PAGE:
dc.date.accessioned2019-10-21T02:20:14Z-
dc.date.available2019-10-21T02:20:14Z-
dc.date.issued2018-
dc.identifier.citationJournal of Dental Research, 2018, v. 97 n. 10, p. 1129-1136-
dc.identifier.issn0022-0345-
dc.identifier.urihttp://hdl.handle.net/10722/279136-
dc.description.abstractMuch research on children’s oral health has focused on proximal determinants at the expense of distal (upstream) factors. Yet, such upstream factors—the so-called structural determinants of health—play a crucial role. Children’s lives, and in turn their health, are shaped by politics, economic forces, and social and public policies. The aim of this study was to examine the relationship between children’s clinical (number of decayed, missing, and filled teeth) and self-reported oral health (oral health–related quality of life) and 4 key structural determinants (governance, macroeconomic policy, public policy, and social policy) as outlined in the World Health Organization’s Commission for Social Determinants of Health framework. Secondary data analyses were carried out using subnational epidemiological samples of 8- to 15-y-olds in 11 countries (N = 6,648): Australia (372), New Zealand (three samples; 352, 202, 429), Brunei (423), Cambodia (423), Hong Kong (542), Malaysia (439), Thailand (261, 506), United Kingdom (88, 374), Germany (1498), Mexico (335), and Brazil (404). The results indicated that the type of political regime, amount of governance (e.g., rule of law, accountability), gross domestic product per capita, employment ratio, income inequality, type of welfare regime, human development index, government expenditure on health, and out-of-pocket (private) health expenditure by citizens were all associated with children’s oral health. The structural determinants accounted for between 5% and 21% of the variance in children’s oral health quality-of-life scores. These findings bring attention to the upstream or structural determinants as an understudied area but one that could reap huge rewards for public health dentistry research and the oral health inequalities policy agenda.-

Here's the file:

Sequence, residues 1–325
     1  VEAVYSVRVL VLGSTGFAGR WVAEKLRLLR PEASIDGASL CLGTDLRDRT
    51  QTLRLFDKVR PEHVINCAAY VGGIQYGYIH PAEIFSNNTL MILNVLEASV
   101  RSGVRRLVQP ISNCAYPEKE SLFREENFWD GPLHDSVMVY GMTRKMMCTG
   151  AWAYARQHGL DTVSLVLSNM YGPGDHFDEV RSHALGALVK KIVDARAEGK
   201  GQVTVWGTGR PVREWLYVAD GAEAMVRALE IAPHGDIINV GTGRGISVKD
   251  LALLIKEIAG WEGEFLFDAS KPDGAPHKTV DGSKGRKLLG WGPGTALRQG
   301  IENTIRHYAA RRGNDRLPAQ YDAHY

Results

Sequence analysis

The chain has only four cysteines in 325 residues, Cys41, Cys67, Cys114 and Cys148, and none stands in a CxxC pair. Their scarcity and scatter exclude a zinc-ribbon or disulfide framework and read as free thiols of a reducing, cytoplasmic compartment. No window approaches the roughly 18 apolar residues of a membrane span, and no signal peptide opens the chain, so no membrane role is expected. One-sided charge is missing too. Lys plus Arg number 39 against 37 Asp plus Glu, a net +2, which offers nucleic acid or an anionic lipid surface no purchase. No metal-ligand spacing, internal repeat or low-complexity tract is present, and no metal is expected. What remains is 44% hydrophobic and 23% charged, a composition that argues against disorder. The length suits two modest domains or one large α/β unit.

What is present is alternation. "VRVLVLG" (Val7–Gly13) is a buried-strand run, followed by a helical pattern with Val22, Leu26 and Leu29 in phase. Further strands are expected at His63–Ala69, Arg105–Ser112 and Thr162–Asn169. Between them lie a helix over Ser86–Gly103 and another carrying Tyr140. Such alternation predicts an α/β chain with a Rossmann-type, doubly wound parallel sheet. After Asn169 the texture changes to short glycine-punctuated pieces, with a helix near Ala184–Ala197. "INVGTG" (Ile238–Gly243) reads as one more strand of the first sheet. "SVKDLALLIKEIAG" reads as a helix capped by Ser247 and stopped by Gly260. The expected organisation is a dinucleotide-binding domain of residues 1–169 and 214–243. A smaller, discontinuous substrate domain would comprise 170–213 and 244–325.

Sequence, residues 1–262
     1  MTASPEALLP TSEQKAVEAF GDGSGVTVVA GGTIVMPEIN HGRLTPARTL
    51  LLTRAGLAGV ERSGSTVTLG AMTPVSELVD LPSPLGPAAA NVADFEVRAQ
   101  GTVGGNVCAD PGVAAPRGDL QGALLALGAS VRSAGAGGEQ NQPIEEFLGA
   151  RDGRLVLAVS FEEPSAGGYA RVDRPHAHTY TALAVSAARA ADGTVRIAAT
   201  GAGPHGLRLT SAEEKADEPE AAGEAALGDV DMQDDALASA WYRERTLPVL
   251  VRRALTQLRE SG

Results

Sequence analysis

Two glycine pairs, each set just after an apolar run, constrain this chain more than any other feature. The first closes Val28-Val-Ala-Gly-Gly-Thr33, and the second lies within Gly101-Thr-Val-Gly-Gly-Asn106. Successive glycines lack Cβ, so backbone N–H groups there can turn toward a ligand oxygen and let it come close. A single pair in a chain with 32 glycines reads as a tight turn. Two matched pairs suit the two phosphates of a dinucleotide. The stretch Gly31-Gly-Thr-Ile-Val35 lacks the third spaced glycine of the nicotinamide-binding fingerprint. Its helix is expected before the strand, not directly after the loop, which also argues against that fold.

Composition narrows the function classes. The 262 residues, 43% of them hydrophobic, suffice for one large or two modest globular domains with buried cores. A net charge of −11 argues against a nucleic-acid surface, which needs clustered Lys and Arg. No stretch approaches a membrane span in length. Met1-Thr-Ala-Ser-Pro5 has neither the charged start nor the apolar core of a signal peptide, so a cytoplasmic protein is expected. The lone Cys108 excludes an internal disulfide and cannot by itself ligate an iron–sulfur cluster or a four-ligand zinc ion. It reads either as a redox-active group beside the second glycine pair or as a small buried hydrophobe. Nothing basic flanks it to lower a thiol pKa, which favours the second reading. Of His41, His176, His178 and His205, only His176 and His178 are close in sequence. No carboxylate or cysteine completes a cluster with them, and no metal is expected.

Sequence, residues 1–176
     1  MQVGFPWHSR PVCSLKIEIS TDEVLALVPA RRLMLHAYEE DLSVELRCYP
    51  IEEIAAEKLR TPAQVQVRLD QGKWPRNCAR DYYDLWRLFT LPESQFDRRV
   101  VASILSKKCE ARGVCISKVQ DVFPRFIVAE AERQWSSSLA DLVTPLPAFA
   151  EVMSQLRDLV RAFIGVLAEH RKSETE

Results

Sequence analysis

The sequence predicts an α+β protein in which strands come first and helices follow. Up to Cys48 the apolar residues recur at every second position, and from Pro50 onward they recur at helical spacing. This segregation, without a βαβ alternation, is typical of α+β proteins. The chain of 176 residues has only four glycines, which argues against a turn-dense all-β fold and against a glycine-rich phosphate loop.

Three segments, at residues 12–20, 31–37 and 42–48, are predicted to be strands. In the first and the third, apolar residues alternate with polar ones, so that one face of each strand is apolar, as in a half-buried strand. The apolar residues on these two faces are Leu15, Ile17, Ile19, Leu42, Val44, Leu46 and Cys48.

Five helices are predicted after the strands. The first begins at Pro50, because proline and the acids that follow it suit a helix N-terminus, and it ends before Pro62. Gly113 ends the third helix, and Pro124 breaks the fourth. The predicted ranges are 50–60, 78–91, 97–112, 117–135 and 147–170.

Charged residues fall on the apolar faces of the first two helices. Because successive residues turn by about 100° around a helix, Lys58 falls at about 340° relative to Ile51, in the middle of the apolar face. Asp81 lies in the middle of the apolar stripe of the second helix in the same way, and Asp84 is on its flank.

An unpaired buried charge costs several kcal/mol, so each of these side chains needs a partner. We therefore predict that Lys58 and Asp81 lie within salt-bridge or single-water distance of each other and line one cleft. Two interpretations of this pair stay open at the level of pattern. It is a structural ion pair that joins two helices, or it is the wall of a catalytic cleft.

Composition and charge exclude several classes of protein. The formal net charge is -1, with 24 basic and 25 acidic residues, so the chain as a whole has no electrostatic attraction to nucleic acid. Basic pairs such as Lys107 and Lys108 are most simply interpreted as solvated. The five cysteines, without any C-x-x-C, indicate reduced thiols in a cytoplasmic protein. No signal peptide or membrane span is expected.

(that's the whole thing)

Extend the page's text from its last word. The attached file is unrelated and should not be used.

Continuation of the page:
dc.languageeng-
dc.publisherSage Publications, Inc. The Journal's web site is located at http://jdr.sagepub.com/-
dc.relation.ispartofJournal of Dental Research-
dc.rightsJournal of Dental Research. Copyright © Sage Publications, Inc.-
dc.subjectsocial determinants-
dc.subjectquality of life-
dc.subjectinequalities-
dc.subjectcaries-
dc.subjectrisk factors-
dc.titleStructural Determinants and Children’s Oral Health: A Cross-National Study-
dc.typeArticle-
dc.identifier.emailMcGrath, C: mcgrathc@hkucc.hku.hk-
dc.identifier.authorityMcGrath, C=rp00037-
dc.description.naturelink_to_subscribed_fulltext-
dc.identifier.doi10.1177/0022034518767401-
dc.identifier.pmid29608864-
dc.identifier.scopuseid_2-s2.0-85045058719-
dc.identifier.hkuros307932-
dc.identifier.volume97-
dc.identifier.issue10-
dc.identifier.spage1129-
dc.identifier.epage1136-
dc.publisher.placeUnited States-